Books that Leave Lasting Imprints
I was in the sixth grade and my teacher had just decided that she wanted to read a book to our class. Her choice, “The Phantom Tollbooth” by Norton Juster, ended up changing my life, the way I looked at books and how words could be used.
“The Phantom Tollbooth” tells the story of Milo, a little boy “who didn’t know what to do with himself — not just sometimes, but always.” He isn’t interested in school and “regarded the process of seeking knowledge as the greatest waste of time of all.”
Then, one day, a package arrives for him, addressed to Milo “WHO HAS PLENTY OF TIME,” and he opens it to find a tollbooth to be assembled at home “for use by those who have never traveled in lands beyond.”
With nothing better to do, Milo assembles the tollbooth and heads off. He meets a watchdog named Tock, whose watch goes “tickticktick,” and a Humbug.
The two become his companions through the Lands Beyond, and Milo makes it his mission to rescue the banished Princess Rhyme and Princess Reason.
Eager for more after my teacher finished reading the first two chapters, I bought the book later that afternoon and finished it that evening. I had always loved to read but this was one of the first times a book’s world was at once completely new and familiar.
The Lands Beyond was a place where sunsets are conducted like symphonies, where sounds are collected like tangible items, where one can get stuck on the island of Conclusions forever. Milo’s quest for the banished princesses of Rhyme and Reason becomes a quest for knowledge as he makes mistakes and learns from them.
“It’s all how you look at things,” one character advises Milo. And, just like Milo, I felt like my eyes had been opened to a world of unending possibilities.
As I read the book, I felt like Milo’s journey to rescue the princesses somewhat reflected my own journey for knowledge, as cliched as that sounds. He makes so many mistakes but who doesn’t?
I used to feel — and still do, to some extent — like Milo, like I could get to my destination much sooner if I didn’t made so many mistakes.
When I expressed this feeling, I was often given some variation of the cliche: “It’s not the destination, it’s the journey that counts.” Milo is told something similar, but it meant more to me than any platitude ever did.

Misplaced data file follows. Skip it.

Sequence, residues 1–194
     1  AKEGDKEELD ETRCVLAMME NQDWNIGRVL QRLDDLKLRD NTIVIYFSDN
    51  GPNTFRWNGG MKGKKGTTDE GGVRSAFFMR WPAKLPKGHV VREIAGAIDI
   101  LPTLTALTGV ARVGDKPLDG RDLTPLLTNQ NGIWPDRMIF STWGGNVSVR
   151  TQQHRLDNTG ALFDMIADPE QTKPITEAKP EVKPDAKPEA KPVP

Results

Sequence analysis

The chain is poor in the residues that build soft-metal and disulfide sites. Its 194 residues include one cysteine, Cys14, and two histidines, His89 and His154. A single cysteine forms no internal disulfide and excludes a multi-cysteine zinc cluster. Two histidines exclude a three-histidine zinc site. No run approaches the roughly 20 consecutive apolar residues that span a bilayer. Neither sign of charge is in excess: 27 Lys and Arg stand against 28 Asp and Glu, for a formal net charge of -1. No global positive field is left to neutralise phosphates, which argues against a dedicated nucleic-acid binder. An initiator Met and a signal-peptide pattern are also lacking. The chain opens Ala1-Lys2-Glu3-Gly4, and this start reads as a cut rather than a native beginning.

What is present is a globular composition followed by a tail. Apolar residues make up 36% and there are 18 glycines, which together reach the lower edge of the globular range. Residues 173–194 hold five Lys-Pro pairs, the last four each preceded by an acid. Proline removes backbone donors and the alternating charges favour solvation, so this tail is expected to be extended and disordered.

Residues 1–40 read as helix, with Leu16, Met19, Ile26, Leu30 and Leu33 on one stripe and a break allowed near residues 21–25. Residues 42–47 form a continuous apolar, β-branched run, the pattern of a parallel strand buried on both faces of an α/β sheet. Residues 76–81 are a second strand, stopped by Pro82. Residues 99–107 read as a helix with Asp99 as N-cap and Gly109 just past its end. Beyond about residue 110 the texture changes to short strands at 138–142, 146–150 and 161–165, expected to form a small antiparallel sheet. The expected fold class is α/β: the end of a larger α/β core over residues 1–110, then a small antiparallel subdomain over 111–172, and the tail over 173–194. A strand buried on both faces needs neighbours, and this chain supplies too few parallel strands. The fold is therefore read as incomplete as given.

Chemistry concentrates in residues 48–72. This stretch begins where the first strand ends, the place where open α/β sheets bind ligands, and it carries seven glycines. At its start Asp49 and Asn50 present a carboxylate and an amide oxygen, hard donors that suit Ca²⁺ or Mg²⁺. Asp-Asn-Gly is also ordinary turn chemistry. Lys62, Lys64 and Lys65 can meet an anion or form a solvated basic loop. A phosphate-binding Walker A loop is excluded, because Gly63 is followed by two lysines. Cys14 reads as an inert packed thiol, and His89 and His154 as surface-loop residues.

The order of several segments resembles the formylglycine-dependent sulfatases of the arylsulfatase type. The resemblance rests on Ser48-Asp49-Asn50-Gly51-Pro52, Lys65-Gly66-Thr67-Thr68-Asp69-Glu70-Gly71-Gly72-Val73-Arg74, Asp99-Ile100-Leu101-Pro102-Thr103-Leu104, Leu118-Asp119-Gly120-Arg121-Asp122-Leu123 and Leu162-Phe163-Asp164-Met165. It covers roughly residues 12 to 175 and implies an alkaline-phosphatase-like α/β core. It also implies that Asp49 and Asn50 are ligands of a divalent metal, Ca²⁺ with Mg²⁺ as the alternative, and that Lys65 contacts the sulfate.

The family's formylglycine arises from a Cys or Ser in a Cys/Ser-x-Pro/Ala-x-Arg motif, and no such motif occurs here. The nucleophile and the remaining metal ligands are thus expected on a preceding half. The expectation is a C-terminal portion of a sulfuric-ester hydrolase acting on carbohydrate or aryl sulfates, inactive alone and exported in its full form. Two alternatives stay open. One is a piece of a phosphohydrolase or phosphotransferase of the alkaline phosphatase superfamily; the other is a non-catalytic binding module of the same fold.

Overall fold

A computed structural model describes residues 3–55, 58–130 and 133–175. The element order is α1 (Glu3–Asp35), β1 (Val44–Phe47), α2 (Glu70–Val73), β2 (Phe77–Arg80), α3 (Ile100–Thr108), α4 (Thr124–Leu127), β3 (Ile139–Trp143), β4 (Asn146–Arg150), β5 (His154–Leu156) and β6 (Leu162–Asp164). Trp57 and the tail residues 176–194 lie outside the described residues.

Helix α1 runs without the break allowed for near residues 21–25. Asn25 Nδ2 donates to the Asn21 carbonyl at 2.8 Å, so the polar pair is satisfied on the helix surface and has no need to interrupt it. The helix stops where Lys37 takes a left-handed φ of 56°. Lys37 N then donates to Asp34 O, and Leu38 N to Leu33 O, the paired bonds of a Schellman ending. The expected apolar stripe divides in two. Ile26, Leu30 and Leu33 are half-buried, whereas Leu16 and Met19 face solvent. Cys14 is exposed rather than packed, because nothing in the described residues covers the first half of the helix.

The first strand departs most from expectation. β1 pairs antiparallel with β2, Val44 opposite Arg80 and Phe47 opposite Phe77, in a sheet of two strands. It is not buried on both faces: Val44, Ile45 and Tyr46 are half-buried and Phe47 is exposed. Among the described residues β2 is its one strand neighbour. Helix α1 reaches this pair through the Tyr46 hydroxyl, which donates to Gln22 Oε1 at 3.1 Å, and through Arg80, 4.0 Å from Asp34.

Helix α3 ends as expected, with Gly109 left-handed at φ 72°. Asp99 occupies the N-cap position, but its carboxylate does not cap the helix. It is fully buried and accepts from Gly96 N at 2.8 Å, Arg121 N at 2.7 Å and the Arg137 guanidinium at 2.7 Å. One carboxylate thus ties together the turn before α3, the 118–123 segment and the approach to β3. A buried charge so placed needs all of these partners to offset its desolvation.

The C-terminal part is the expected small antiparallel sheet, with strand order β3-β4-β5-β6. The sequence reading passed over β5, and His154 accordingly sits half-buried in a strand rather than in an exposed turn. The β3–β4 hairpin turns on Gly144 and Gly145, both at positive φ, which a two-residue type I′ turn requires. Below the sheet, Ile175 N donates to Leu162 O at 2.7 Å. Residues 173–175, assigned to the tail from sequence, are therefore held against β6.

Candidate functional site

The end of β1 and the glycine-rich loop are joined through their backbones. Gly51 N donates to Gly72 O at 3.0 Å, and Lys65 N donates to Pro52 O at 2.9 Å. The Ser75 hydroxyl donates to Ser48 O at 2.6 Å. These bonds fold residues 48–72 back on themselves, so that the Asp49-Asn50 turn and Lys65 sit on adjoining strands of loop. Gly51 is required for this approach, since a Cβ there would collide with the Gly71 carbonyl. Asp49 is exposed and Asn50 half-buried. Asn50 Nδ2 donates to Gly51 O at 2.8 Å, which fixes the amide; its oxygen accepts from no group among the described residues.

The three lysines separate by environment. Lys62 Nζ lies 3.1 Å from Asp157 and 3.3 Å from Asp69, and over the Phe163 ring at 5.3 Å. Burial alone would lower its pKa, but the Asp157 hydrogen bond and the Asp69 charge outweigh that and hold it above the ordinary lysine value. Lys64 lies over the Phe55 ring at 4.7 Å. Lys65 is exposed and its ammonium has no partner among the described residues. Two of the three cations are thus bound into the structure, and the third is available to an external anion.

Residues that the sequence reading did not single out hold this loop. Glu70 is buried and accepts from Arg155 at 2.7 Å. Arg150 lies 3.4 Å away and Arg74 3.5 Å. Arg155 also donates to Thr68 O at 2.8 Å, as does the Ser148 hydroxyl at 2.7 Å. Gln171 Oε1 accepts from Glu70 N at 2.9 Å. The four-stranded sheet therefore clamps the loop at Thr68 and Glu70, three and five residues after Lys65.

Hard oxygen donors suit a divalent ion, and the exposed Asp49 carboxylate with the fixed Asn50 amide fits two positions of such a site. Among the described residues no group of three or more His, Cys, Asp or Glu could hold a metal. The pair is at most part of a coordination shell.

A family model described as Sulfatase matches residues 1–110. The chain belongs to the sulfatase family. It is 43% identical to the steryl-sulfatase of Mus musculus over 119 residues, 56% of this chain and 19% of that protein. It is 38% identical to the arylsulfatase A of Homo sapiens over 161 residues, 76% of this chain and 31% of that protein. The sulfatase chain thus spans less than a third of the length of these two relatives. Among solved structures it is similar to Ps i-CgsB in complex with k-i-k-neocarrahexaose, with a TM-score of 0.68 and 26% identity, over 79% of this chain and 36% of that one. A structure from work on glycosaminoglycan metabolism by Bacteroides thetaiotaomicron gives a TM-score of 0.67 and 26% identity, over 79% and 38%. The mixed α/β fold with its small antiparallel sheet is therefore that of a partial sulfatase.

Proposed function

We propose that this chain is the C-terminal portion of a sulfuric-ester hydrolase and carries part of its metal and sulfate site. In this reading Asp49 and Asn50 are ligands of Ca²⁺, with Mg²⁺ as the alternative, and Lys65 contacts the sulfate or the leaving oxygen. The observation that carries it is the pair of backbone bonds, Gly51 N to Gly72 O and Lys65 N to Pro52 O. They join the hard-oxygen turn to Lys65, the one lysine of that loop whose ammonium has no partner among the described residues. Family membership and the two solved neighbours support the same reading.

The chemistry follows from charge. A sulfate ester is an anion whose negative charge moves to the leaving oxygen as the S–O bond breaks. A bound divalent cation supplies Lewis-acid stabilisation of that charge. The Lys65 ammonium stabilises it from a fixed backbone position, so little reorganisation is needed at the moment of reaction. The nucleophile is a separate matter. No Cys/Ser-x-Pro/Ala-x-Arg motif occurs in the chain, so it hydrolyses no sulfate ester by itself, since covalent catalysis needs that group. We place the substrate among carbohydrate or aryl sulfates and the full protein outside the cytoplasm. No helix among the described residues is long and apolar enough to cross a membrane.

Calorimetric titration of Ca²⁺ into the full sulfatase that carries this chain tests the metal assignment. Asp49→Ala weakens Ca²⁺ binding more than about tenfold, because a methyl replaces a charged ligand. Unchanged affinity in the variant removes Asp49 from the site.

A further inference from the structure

“You often learn more by being wrong for the right reasons than you do by being right for the wrong reasons,” Princess Reason tells him.
I wondered what it meant to be “wrong for the right reasons.” Who wants to be wrong? Nobody wants to make mistakes and feel like a fool, after all.
But I’ve learned more from all my mistakes than I ever have by being right. Life isn’t supposed to be completely figured out. We would have nowhere to go if we already knew everything.
“Remember … that many places you would like to see are just off the map and many things you want to know are just out of sight or a little beyond your reach. But someday you’ll reach them all, for what you learn today, for no reason at all, will help you discover all the wonderful secrets of tomorrow.”
Milo’s journey of discovery led me on my own. It may have been “just a children’s book” but it offered me a fresh look at literature.
Phrases like “eat your words” or “jumping to conclusions” took on a literal meaning in the Lands Beyond, where guests are served the speeches they made and jumping to conclusions meant jumping to the island of Conclusions, from which you can never jump away.
Juster’s treatment of words was unlike anything I had ever seen. He turned phrases I had heard for years into new ways of looking at the world; one little boy Milo comes across appears levitated in the air because instead of growing “up” he grows “down.”
He tells Milo that growing up means the way one sees the world changes constantly as one’s height changes. But that’s what “growing up” is all about; the way you look at things changes constantly as you learn and grow.
In the end, “The Phantom Tollbooth” is a book that contributed heavily to my love for words. The 26 letters of our alphabet offer us unending possibilities, and the words we use have so many varied meanings. With them, we have the power to make or break worlds, to create and destroy.
“So many things are possible just as long as you don’t know they’re impossible.